Citizen Science: Growing Shiitake and Chestnut on Hawthorn and Mulberry
This citizen science study aims to examine if Night Velvet Shiitake (Lentinula edodes) and Chestnut (Pholiota aurivella) mushrooms can be cultivated on Hawthorn (Crataegus monogyna) and Mulberry (Morus alba) logs.
Hawthorn is mostly known for being an excellent source of firewood, due to a lack of smoke production coupled with high heat generation, and it is also under medicinal study for heart disease protection. However, truly little is known about Hawthorn use in mushroom cultivation. Mulberry, known for its rapid release of pollen (greater than half the speed of sound!), is native to India and commonly found Mulberry can grow in partial shade or full sun and prefers well-drained soil. We have tested Lion's Mane and Comb Tooth on Mulberry and found it to be an excellent host. Mulberry can also host Oyster varieties and Nameko. Shiitake and Chestnut cultivation on these wood types is still unknown and has not been tested to our knowledge.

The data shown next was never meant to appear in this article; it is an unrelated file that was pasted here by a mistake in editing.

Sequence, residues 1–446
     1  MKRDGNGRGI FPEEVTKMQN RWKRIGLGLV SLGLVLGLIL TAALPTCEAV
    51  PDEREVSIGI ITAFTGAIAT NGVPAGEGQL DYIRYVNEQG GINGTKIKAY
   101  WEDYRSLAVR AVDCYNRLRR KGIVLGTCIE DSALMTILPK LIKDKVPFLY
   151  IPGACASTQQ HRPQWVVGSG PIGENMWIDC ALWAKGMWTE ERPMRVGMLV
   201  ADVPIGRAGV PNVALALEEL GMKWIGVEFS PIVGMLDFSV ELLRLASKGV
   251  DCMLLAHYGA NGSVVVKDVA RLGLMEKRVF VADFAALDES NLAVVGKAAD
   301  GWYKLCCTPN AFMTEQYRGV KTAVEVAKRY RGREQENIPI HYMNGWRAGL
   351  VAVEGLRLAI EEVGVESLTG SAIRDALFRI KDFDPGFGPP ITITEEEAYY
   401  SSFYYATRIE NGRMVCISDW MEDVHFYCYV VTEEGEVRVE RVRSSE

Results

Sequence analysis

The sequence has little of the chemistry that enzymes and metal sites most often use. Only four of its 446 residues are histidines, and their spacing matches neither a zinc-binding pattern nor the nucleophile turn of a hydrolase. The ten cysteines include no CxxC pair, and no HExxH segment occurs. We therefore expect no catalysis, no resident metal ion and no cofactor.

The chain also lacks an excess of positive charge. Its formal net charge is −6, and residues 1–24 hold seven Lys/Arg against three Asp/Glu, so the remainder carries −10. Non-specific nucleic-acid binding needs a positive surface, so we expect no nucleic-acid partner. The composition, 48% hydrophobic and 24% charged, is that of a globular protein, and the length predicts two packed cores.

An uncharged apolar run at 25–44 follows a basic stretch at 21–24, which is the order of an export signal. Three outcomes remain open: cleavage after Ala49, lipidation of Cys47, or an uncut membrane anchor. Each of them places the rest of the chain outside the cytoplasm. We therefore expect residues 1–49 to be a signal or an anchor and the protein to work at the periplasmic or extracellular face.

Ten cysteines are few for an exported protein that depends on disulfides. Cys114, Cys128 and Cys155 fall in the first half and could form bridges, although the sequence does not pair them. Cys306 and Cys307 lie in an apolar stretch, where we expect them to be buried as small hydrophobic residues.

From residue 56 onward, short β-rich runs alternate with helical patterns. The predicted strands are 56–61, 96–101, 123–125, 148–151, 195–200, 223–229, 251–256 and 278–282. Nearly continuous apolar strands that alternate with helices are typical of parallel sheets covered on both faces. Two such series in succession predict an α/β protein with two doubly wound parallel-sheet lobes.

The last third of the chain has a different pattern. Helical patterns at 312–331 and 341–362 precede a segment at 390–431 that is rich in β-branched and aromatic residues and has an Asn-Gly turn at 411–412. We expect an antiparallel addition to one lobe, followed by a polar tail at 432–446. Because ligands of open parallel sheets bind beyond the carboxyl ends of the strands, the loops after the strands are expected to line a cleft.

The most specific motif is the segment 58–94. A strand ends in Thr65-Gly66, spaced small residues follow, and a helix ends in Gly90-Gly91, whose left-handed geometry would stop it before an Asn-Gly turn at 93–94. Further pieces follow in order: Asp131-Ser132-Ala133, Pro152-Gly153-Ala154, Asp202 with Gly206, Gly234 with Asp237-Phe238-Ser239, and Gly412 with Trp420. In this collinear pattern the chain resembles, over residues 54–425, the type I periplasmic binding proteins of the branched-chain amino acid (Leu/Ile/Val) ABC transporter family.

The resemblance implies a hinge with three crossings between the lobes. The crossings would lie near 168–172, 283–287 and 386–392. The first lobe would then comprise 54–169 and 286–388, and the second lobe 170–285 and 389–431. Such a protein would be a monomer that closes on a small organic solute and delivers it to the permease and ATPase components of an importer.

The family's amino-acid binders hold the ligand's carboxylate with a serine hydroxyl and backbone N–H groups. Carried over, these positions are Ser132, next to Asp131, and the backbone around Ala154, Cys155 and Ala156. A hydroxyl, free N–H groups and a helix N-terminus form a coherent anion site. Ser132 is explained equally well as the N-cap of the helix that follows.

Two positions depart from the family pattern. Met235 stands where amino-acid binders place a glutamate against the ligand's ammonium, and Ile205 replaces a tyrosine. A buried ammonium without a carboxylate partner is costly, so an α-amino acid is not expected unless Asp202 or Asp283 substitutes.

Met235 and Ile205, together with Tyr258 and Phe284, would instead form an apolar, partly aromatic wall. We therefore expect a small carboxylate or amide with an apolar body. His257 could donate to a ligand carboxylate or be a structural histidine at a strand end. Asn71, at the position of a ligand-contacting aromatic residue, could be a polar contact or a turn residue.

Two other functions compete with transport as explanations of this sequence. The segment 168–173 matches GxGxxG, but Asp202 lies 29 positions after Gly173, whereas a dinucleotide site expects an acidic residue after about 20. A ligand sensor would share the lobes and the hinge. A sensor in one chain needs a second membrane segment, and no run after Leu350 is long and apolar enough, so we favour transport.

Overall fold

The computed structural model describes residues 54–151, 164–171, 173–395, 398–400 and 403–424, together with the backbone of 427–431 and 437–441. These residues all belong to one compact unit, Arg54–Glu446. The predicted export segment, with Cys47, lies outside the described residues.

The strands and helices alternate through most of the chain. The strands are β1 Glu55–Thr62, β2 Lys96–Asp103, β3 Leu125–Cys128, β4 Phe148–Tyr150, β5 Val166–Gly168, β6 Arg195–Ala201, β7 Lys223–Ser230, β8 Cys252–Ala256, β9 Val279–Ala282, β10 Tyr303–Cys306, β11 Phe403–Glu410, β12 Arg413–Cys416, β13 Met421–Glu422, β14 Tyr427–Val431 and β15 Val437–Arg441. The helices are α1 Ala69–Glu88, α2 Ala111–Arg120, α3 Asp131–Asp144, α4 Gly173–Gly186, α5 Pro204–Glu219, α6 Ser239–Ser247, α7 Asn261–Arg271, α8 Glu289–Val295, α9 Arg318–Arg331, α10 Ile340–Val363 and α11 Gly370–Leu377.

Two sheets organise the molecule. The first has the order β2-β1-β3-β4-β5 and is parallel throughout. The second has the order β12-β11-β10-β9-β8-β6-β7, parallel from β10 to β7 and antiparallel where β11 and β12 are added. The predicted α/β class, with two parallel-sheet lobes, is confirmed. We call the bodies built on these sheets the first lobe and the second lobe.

Occupying agricultural zone 6a, Zach Freeman, cut twenty logs for mushroom cultivation experimentation. The logs were cut on March 20th, 2022, averaged in size with 40" in length x 4" in diameter, and were stored in the garage until inoculation. Ten of the logs were inoculated with Night Velvet Shiitake plug spawn and the other ten were inoculated with Chestnut plug spawn on April 2nd, 2022, with the drill-and-fill method. The logs were placed on pallets beneath a mixed forest canopy with access to dappled light and rainfall. During dry spells, Zach monitored and managed log moisture levels weekly.
Project Start Date:
April 2nd, 2022
First fruiting of Chestnut on Mulberry in September of 2023. However, there was just one mushroom. There were signs of colonization on the mulberry logs for both Chestnut and Shiitake, but no visible action on any hawthorn logs.
We will continue to monitor the project to see if there is further fruiting on the logs. It is not unusual for plug spawn to take 18-24 months to fully colonize logs, so we haven't given up hope that these logs may yet produce mushrooms!